Paul and others have also argued that the Assisted Dying Bill poses no threat to disabled people generally given the strict limitations involved. Putting aside the fact that there are many people who be regarded as disabled who also have ‘terminal illnesses’, I believe this is to ignore the danger created by the social signal this legislation will send.

Disabled people are frequently described in the media and elsewhere as ‘suffering’ from their condition.  While recognising how Dignity in Dying has been careful to distinguish its current goals from high profile cases such as that of Tony Nicklinson – who despite seeking assisted suicide would not have been able to benefit from the proposed law – it seems clear to me that such cases have nevertheless helpfully rallied public support for assisted dying.  This is precisely because the public – and the media – sees ‘suffering’ in such cases and they do so not only because of the way his story was told, but because it confirms pre-existing ideas of what it means to be disabled.  The recent case involving a mother killing her three disabled children is a case in point – all newspaper reports focused attention on the nature of her children’s health condition and the degree of ‘suffering’ involved or life expectancy anticipated as if either would have justified her actions.   One must conclude therefore that a great deal of public support for this legislation arguably draws from the same well of misplaced compassion as that which underpins the continuing prejudice and discrimination faced by disabled people in all walks of life and that support is not confined to the constraints imposed by this Bill.

This is why the citing by Dignity in Dying and others of public opinion polling which finds widespread support for assisted dying should be regarded with caution.  For example, they quote the British Social Attitudes survey 2010 which found ‘82% of the general public believe that a doctor should probably or definitely be allowed to end the life of a patient with a painful incurable disease at the patient’s request.’ This data is presented at face value – the opinion of respondents taken as informed and unsullied by prejudice or stereotypes.  Contrast this with the finding of the BSA 2012 that ‘three out of four (75%) respondents advocate a reduction in immigration overall, a rise from 63% since 1995. 51% want a large reduction.’   Do we regard the opinion of these respondents regarding immigration as informed and unsullied by prejudice or stereotypes? No – we naturally suspect that opinion is shaped by various forces and worry about its significance.  So we should with respect to attitudes to assisted dying.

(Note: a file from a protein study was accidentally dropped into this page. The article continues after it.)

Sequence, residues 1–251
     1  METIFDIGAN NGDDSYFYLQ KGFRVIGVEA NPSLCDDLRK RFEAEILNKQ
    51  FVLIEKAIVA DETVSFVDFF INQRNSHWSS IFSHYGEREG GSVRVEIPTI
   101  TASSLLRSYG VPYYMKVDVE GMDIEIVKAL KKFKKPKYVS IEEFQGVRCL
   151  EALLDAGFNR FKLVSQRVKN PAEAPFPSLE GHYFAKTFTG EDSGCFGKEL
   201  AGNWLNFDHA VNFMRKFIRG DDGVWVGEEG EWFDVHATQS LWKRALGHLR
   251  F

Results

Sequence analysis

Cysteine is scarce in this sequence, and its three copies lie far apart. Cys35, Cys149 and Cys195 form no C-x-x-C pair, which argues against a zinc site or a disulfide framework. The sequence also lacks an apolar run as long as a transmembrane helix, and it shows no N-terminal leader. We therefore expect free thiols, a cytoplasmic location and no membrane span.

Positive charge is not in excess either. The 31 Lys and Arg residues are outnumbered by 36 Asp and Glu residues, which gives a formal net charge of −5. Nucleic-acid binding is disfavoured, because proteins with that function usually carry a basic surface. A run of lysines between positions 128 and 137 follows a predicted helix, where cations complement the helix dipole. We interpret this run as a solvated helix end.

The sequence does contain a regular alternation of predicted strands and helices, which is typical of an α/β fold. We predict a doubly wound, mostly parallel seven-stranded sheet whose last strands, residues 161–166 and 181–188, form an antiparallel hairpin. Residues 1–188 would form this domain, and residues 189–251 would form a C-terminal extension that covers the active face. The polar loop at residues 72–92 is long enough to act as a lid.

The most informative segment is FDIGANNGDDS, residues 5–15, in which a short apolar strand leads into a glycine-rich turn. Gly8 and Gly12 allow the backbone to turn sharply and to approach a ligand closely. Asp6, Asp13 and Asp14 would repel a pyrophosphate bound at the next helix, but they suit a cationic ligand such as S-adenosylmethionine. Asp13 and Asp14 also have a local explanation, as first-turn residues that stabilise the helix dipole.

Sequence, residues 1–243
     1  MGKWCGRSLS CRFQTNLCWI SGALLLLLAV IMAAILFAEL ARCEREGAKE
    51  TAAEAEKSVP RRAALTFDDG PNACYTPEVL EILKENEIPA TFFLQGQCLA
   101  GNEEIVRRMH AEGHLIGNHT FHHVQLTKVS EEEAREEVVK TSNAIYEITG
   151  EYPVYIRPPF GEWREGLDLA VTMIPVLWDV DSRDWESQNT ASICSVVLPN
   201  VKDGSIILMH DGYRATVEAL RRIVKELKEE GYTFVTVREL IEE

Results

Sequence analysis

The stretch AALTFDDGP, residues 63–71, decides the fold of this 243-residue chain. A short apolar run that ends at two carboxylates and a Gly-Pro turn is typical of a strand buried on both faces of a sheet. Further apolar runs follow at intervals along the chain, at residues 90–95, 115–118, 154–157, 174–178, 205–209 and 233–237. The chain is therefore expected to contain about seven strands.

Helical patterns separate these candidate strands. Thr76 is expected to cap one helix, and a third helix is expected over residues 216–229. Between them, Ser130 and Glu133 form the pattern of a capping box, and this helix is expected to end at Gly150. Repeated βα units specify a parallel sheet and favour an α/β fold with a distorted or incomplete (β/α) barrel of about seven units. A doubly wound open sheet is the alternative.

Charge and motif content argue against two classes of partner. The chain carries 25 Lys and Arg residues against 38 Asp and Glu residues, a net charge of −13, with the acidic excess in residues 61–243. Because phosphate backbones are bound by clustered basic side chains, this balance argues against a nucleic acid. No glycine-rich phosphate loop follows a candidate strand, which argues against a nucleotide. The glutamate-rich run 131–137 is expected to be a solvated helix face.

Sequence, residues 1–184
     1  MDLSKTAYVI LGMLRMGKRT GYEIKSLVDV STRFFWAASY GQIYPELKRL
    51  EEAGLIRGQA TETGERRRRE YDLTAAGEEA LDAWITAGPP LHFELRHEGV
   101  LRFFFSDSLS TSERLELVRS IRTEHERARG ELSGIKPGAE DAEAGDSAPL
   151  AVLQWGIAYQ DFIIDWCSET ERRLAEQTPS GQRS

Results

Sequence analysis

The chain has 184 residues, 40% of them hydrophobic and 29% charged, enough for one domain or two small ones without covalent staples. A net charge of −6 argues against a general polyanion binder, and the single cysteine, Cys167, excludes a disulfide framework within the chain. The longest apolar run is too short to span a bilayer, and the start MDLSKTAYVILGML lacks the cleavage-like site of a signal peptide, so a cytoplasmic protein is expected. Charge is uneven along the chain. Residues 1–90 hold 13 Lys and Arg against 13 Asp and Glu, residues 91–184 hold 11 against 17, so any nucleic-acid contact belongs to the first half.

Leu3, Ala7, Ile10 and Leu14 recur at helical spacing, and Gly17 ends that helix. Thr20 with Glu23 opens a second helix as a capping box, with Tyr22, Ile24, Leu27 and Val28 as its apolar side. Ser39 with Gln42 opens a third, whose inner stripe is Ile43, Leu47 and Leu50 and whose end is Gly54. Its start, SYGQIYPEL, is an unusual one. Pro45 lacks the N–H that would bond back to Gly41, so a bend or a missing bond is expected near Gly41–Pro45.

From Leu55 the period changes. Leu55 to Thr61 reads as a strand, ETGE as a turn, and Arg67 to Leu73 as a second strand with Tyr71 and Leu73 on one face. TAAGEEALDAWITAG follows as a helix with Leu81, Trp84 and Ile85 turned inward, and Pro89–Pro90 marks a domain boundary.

Perceptions regarding the suffering of people with impairments and health conditions are not only very often misplaced and grounded in stereotypes and prejudice – which devalue disabled people’s right to be included in and supported by society – they are sufficient to permit people to rationalise the very ending of a human life.

Paul and others may see no risk of a massive rise in ‘unchecked’ voluntary euthanasia, but he passes no comment on whether as a society we might reasonably be concerned by a significant rise in ‘checked’ voluntary euthanasia following the passing of the Bill into law. He and others also disregard the possibility if of it providing a stepping stone towards the expansion of euthanasia more generally.  I am unconvinced and my fear is that whatever the safeguards in this Bill, its passing could make for a much less safe and supportive society in which to be a disabled person.